AMP Capital Investors Ltd., Macquarie Funds Group and BT Investment Management Ltd. (BTT) are betting on the bonds of Australia’s banks in 2013 after leading returns among the nation’s debt managers in the fourth quarter.
AMP Capital Corporate Bond Fund (AMPACBD) gained 2.3 percent in the three months to Dec. 31, followed by Macquarie Core Plus Australian Fixed Interest Fund’s 1.8 percent and BT Enhanced Credit’s 1.5 percent, according to Morningstar Inc. (MORN:US) The 0.7 percent average return for 22 portfolios tracked beat the 0.2 percent for the nation’s broad market bond index, the data show.
The investors all favor Australian financial notes that are beating government bonds for an eighth month as central banks from Europe to the U.S. pour unprecedented amounts of cash into their economies, spurring funds to buy higher-yielding assets. AMP and Macquarie are also buying residential mortgage-backed securities as property prices recover after the central bank cut its benchmark lending rate to a half-century low of 3 percent.
“Globally and in Australia, we’ve seen good demand for income from corporate bonds,” said Jeff Brunton, who oversees AMP’s top-ranked A$1.8 billion bond fund as head of credit. “When markets do get the inevitable jitters, corporate debt buyers will be well-supported.”
Brunton favors securities issued by Australian and U.S. financial firms and domestic RMBS.
A second Macquarie offering and Perennial Australian Bond Fund rounded out the top five in the Morningstar rankings, as they benefited last quarter from the best returns for corporate paper relative to sovereign debt since June 2009.
The bonds of banks, states and top-rated overseas borrowers rose last year as the European Central Bank pledged to buy unlimited amounts of government debt to counter speculation of a euro breakup. The Bank of Japan said Jan. 22 it will shift to Federal Reserve-style open-ended asset purchases.
In Australia, the central bank has lowered rates six times since Nov. 1, 2011, to spur the non-mining economy as a commodities investment boom cools.
The extra yield investors demand to purchase Australian corporate debt instead of government securities dropped to 149 basis points on Jan. 28, the least since January 2008, and down from 286 a year ago, a Bank of America Merrill Lynch data show. It narrowed by 135 basis points last year.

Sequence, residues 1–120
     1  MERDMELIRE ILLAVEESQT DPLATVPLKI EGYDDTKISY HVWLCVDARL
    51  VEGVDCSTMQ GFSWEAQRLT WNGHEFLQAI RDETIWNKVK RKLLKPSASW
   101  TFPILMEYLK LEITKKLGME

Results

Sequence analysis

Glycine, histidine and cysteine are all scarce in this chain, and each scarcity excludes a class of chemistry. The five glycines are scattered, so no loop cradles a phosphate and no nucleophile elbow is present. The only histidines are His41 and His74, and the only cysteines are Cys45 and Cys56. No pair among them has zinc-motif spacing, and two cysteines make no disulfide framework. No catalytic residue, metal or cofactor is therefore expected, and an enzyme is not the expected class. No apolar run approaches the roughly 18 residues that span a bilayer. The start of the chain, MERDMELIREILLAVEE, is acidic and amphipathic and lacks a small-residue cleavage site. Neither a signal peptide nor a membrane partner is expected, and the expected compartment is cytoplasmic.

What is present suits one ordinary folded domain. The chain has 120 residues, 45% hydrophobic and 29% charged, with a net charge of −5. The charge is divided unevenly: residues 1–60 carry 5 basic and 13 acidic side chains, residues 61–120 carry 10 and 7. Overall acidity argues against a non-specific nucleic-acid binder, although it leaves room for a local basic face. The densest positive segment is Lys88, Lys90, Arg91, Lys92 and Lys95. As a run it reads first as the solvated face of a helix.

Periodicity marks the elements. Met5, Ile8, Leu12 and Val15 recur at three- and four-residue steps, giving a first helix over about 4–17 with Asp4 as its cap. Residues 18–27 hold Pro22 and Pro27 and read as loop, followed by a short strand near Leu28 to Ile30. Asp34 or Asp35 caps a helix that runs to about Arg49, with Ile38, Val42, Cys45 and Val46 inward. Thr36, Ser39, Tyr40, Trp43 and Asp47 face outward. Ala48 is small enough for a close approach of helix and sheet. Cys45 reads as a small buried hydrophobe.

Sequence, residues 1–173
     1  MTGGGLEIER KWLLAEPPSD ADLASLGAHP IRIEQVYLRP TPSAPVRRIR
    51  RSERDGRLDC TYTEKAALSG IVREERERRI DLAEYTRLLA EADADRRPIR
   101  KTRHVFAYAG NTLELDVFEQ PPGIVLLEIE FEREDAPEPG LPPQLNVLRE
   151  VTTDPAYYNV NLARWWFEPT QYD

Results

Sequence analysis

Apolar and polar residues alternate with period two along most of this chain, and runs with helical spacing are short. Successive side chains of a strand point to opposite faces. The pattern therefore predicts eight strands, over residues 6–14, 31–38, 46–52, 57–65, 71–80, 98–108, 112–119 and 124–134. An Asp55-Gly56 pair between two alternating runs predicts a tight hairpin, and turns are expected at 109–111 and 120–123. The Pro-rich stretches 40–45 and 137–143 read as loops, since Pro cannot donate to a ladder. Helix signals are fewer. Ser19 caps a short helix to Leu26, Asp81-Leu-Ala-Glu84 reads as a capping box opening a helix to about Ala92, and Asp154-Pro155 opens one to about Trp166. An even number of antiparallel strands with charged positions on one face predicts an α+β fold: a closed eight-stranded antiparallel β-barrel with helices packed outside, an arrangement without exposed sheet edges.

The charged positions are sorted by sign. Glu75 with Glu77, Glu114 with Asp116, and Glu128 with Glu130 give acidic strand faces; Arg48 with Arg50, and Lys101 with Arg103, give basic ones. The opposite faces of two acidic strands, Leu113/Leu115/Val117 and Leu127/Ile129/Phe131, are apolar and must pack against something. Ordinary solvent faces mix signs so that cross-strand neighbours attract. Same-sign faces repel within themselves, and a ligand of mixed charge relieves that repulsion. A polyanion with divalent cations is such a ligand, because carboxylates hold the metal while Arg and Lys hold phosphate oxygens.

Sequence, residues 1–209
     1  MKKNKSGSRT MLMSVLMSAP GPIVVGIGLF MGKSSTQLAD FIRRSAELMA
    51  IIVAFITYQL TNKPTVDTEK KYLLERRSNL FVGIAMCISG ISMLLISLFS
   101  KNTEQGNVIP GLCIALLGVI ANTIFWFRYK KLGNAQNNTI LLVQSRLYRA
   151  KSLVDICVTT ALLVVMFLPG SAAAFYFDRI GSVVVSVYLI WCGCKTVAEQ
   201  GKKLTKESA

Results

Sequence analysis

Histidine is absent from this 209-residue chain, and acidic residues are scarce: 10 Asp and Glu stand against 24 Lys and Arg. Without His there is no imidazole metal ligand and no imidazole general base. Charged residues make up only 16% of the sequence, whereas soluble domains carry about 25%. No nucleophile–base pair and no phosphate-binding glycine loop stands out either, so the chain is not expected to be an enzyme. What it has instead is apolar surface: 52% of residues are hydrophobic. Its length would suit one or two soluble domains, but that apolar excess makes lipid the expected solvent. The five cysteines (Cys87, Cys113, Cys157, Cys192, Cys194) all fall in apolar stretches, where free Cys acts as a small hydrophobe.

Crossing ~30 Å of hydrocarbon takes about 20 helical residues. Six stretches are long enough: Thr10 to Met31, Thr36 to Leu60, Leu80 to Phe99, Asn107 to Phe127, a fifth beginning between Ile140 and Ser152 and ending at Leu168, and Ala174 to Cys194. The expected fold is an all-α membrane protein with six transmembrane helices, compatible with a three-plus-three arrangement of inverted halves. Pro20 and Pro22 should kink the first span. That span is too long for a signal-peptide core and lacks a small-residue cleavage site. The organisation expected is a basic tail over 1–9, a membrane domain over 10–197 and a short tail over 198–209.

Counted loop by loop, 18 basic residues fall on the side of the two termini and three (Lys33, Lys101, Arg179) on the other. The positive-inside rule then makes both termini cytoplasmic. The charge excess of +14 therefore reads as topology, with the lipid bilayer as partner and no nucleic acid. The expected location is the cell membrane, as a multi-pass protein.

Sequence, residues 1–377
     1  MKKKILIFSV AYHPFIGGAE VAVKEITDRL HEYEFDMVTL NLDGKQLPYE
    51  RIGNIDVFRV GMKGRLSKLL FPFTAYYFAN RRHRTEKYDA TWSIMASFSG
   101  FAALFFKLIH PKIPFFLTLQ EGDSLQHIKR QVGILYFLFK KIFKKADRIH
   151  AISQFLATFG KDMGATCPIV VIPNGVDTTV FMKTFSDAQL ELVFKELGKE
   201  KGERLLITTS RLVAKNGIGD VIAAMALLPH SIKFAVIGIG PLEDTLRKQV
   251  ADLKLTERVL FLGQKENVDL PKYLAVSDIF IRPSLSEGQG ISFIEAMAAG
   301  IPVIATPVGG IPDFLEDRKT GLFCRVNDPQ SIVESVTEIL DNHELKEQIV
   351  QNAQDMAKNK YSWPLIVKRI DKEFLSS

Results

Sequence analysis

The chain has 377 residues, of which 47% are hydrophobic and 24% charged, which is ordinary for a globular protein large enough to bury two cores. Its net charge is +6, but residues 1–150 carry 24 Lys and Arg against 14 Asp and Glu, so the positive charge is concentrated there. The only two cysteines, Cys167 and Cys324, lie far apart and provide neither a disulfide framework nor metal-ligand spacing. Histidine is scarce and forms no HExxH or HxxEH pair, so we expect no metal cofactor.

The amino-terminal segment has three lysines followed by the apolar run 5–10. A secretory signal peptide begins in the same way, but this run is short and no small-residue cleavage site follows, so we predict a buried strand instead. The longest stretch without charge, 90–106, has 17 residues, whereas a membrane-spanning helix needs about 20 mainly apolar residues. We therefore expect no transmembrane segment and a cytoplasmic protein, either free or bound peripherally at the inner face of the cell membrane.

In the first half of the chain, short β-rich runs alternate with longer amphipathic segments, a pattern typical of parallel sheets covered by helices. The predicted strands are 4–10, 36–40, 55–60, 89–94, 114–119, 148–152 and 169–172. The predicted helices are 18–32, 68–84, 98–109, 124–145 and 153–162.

“Whilst we have a positive credit outlook, the velocity of credit spread contraction has been slowing in January,” said Justin Davey, who oversees about A$560 million in the BT Enhanced Credit Fund. “The strong credit market rally in the second half of 2012 is unlikely to be replicated in 2013.”
After benefiting from positions in financial companies and industrial names like Wesfarmers last year, Davey continues to favor those holdings along with debt by infrastructure firms.
The Merrill Lynch corporate bond index rose 0.5 percent since Dec. 31 after gaining 11.5 percent in 2012 to beat global peers for a third year.
The bonds of financial firms climbed 0.6 percent this year and the yield they offer over sovereign securities slid to 148 basis points from 157 on Dec. 31. Industrial notes rose 0.4 percent and offered a spread of 168 basis points over government securities, down from 172 at the end of last year.
“The chase for yield continues,” said Joris Hillmann, who helps oversee the equivalent of $31.4 billion as senior portfolio manager for fixed income at Macquarie Funds Group, a unit of the country’s largest investment bank. “Markets at the moment are more willing to take risk on the belief that central banks and governments will continue to provide unprecedented levels of support.”
The rate on 10-year Australian government bonds rose 18 basis points this week to 3.50 percent yesterday in Sydney, extending its advance from 3.27 percent on Dec. 31. The yield touched a record low 2.698 percent on June 4. Similar-maturity U.S. Treasuries were yielding 1.98 percent.
Australia’s sovereign debt is little changed in January, after three months of declines. Their 2012 advance of 5.5 percent was the smallest return since 2010.
Hillmann is buying some state-government bonds, investment- grade bank debt and RMBS, while holding fewer Australian-dollar notes sold by highly-rated overseas borrowers than the benchmarks he uses to gauge performance.
The debt of the nation’s six states and two territories -- often referred to as semi-government securities -- returned 0.2 percent in January following an 8.5 percent gain last year, Merrill Lynch data show. An index that includes state debt and kangaroo bonds, or Australian notes issued by overseas borrowers, is poised for a similar gain, the indexes show.
Glenn Feben, head of fixed interest at Perennial, also favors state debt, particularly securities issued by the nation’s largest semi-government borrower Queensland. He doesn’t hold any sovereign securities, judging yields are too low.
“Spreads continue to be moderately attractive,” said Feben, who oversees about A$6.5 billion. “In what is likely to be a reasonably stable yield environment, the value of additional yield is important and hence we continue to run overweight positions in,” financial and state debt, he said.
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